The Conservatory’s centrepiece, a large Baobab Tree, was collected in the Limpopo valley and transported 2 000 kilometres from the far north of South Africa to Kirstenbosch Garden at its southwestern tip.

To meet the need for a ‘desert house’, Cape Town architect Julian Elliot designed an innovative, elegant and efficiently cross-ventilated building of 3 000 square metres, sufficient to house a baobab as its centrepiece and a vast collection of succulents. Horticulturist-cum-naturalist Ernst van Jaarsveld criss-crossed South Africa, collecting not only carefully documented plant specimens, but also the rocks and soils of the full range of substrates that the country’s succulents need for growth. The resulting conservatory is both a botanical and geological museum, and more. Mindful of the fact that South Africa’s succulents occur in both western, winter-rainfall and eastern, summer-rainfall zones, the Conservatory’s mini-ecosystems are oriented by longitude and latitude according to the geographic distribution of the species displayed. Careful watering by hand ensures that both the amount and seasonality of irrigation is appropriate to the eco-region represented. So successful is the creation of differing zones that visitors in summer might wonder why half the display (from the winter-rainfall region) looks dormant, while the other (from the eastern, summer-rainfall region) is lush and in full flower.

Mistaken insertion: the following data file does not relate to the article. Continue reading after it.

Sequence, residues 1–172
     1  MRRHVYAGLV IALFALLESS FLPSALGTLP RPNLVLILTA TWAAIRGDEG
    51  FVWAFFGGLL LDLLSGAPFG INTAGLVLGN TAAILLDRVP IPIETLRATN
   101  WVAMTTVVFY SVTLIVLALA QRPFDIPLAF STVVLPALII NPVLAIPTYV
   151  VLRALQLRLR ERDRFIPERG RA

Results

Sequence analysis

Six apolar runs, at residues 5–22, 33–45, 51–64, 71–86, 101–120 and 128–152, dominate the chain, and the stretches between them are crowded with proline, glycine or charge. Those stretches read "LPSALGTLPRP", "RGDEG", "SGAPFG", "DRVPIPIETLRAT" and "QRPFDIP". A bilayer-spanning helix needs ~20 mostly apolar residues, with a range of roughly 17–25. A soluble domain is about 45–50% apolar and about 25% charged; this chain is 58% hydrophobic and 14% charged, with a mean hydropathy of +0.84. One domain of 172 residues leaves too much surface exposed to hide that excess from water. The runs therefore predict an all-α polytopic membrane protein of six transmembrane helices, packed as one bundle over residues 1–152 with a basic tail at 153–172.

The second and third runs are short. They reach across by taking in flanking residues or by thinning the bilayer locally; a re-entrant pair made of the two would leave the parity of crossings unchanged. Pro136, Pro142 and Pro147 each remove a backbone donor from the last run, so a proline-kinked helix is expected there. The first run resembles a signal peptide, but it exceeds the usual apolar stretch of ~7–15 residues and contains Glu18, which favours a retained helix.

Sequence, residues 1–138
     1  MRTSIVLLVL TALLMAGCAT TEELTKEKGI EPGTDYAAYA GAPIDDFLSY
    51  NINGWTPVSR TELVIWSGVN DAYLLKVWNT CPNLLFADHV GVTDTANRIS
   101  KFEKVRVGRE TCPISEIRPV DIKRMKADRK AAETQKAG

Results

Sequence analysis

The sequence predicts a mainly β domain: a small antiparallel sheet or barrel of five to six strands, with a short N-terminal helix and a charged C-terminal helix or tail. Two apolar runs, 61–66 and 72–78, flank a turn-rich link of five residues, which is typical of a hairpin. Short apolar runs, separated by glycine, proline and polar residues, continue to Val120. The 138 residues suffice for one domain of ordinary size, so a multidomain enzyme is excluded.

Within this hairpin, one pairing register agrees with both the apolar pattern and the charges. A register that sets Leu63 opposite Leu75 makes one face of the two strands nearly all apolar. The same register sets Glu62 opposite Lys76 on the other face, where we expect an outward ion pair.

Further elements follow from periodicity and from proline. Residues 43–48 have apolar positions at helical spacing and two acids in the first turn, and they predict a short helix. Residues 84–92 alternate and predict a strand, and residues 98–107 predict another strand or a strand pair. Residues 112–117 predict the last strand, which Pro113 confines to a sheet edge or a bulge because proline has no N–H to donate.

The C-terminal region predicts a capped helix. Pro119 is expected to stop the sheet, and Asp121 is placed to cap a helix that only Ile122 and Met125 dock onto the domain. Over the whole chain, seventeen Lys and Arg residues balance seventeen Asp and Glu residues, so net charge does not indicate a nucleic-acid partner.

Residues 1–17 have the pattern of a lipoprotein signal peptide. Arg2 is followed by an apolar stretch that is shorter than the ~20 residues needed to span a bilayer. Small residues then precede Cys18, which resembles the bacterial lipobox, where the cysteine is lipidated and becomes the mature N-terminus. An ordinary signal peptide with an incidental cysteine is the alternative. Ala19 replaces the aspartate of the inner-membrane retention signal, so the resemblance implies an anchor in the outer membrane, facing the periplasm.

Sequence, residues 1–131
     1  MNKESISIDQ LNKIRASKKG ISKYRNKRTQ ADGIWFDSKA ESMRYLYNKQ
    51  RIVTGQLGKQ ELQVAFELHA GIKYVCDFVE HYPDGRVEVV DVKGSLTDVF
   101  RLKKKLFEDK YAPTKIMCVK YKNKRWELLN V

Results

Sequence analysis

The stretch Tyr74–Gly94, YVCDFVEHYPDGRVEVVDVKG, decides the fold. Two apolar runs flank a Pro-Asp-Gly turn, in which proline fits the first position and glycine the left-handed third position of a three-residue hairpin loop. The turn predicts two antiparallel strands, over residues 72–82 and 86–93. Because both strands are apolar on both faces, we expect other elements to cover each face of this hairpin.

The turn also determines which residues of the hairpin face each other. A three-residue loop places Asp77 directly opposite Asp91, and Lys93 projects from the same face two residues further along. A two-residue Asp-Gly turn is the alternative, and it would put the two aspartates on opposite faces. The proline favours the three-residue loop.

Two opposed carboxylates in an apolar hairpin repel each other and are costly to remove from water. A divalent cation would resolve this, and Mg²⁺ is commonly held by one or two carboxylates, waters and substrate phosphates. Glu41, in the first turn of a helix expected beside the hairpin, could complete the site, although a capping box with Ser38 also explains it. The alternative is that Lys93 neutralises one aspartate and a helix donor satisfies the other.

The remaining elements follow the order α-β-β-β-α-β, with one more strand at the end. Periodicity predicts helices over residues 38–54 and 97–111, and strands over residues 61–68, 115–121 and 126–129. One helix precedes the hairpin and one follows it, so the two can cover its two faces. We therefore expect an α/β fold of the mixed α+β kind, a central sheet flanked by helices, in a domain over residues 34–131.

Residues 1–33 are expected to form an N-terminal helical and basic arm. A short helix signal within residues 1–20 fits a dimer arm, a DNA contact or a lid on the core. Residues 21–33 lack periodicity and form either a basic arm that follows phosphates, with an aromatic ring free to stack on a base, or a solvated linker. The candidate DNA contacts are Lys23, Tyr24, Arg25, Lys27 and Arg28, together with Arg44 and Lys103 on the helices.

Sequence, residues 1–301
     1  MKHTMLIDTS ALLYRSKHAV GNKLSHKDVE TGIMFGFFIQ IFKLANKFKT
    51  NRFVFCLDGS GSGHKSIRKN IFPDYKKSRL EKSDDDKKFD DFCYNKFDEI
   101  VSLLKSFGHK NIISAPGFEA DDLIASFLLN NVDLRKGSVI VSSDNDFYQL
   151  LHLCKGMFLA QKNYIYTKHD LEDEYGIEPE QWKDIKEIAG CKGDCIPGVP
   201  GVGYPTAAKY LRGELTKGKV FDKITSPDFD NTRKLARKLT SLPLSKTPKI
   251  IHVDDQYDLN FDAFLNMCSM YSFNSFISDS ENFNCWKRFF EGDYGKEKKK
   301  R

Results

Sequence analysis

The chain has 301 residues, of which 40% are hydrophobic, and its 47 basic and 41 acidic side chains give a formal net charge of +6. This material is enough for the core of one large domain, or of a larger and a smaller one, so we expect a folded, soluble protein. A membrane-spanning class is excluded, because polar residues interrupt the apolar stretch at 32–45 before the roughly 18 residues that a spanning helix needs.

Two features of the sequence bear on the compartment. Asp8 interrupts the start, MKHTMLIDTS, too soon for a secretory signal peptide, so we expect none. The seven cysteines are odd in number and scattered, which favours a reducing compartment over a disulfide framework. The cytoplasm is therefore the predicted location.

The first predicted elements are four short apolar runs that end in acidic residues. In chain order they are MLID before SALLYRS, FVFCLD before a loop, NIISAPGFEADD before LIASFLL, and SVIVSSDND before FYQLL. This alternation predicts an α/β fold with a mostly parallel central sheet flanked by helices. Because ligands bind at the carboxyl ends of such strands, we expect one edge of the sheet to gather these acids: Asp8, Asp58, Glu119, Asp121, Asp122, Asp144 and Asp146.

Plan A Trip To Kirstenbosch National Botanical Garden Photo Gallery




In addition to the focus on arid-zone succulents, the Conservatory has four specialist collections housed in the four corners of the Conservatory: moist forest ferns, clivias and streptocarpus provide the luxuriant show familiar in greenhouses; a second collection displays a seasonal parade of spectacular bulbs; a third is devoted to the tiny lithops (or stone plants) of the Knersvlakte; and the fourth collection, recently established, showcases the unique Welwitschia mirabilis of the Namib Desert of Namibia and Angola. Welwitschia seeds have successfully been germinated and grown at Kirstenbosch for many years. The trick, it has been discovered, is to treat the seedlings, which are extremely vulnerable to fungal infection, with an inoculant that forms a symbiotic association with the roots of welwitschia, preventing attack by other fungi. The favourite plant of the Garden’s founder, Harold Pearson, is now being given centre stage.